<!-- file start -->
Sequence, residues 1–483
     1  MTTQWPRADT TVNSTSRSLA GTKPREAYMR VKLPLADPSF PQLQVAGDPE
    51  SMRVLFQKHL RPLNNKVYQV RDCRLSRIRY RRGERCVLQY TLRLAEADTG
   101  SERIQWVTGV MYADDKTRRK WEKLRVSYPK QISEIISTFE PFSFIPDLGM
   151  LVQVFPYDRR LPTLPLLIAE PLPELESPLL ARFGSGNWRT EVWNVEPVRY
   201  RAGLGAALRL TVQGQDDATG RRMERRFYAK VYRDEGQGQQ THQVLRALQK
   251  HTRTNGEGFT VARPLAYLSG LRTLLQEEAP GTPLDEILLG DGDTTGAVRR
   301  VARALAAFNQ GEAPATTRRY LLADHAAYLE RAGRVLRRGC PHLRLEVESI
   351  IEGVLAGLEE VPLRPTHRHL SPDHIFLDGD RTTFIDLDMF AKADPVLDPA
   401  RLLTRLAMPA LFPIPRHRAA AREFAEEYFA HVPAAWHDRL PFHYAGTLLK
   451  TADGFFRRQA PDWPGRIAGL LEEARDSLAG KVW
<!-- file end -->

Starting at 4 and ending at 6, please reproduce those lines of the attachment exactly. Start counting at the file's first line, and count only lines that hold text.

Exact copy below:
   101  SERIQWVTGV MYADDKTRRK WEKLRVSYPK QISEIISTFE PFSFIPDLGM
   151  LVQVFPYDRR LPTLPLLIAE PLPELESPLL ARFGSGNWRT EVWNVEPVRY
   201  RAGLGAALRL TVQGQDDATG RRMERRFYAK VYRDEGQGQQ THQVLRALQK